The Big Island, lava, and Pele

The Big Island of Hawaii is built by lava. Seriously. If you start from the bottom of the ocean where the island of Hawaii starts to the top of Mauna Kea, which is 13,700+ above sea level, then it would be higher than Everest by far.

On the south side of the island, lava flows are everywhere. Some are ancient, some just a few decades or centuries old. The entire island is created from lava. Over countless eons, the lava breaks down into soil, aided by seeds that somehow can germinate in the lava rock. They split the rock and deposit organic matrials which aid in the turning of lava rock into soil.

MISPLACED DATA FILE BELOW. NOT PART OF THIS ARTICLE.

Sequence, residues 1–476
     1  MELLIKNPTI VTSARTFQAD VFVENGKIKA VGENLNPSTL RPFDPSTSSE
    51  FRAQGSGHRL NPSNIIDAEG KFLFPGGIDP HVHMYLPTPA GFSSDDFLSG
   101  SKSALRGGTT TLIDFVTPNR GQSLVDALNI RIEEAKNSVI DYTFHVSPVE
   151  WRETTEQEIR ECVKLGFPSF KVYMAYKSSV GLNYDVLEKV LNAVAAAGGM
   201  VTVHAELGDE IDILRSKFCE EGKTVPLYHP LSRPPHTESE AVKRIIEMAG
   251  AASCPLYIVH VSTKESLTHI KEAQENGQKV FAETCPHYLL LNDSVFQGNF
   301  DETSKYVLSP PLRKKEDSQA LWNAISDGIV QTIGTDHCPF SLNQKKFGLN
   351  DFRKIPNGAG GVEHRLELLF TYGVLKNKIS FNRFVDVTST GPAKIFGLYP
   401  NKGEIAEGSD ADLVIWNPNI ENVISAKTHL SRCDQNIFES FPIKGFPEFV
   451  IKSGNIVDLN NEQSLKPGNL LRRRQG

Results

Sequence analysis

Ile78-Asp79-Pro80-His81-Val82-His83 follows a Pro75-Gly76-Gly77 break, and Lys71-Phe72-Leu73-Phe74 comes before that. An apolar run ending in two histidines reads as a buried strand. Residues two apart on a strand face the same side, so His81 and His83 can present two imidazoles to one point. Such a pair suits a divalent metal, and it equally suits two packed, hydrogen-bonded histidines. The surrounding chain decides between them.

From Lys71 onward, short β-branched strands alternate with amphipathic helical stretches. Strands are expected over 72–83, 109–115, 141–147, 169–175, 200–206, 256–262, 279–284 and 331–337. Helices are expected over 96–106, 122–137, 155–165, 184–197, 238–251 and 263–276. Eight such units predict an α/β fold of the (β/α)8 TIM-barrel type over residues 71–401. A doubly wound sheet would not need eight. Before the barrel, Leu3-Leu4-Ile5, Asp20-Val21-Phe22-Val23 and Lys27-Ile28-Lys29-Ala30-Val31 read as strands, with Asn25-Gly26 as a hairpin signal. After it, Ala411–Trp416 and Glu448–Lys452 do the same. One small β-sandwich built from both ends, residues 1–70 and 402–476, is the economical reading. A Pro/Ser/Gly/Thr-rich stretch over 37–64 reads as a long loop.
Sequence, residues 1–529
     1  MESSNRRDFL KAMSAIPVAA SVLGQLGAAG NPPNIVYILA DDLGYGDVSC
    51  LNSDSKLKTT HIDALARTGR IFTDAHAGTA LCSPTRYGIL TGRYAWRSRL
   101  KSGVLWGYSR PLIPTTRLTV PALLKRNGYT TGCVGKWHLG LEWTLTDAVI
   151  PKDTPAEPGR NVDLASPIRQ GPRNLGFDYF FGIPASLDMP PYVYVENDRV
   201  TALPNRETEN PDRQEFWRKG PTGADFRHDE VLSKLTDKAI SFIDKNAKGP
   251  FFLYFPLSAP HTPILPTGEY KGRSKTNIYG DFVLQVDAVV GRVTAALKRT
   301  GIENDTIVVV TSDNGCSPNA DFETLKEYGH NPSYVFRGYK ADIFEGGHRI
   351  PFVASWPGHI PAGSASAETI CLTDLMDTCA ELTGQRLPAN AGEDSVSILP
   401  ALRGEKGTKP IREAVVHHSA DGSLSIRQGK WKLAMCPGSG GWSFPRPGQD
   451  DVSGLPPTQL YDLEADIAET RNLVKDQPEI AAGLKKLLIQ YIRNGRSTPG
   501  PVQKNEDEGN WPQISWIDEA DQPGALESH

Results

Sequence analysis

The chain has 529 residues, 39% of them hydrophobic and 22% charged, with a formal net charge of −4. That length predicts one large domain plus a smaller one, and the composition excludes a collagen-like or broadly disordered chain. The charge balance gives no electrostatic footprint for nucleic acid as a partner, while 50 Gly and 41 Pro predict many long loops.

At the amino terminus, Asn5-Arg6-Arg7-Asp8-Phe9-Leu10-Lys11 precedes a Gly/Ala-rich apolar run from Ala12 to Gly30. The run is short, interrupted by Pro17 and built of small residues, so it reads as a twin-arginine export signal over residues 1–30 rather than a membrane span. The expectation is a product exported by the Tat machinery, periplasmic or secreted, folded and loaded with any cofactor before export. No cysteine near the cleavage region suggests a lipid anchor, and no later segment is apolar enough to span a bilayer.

As shown in the photo, trees can grow in lava. These are coffee trees. A Kona grower told us that, yes, coffee can grow in lava – after you break the lava into small pieces, that is.

Parts of the island are dry, others, like Hilo, are extremely wet. Drive round a bend and the geography, climate, and plant life can change quickly and drastically. There are huge open pastures for cattle as well as rain forests.

And it all originally had its birth in lava.

Image is Pele, Hawaiian Goddess of the Volcano, from the museum at Hawaii Volcanoes National Park. Do not trifle with her.

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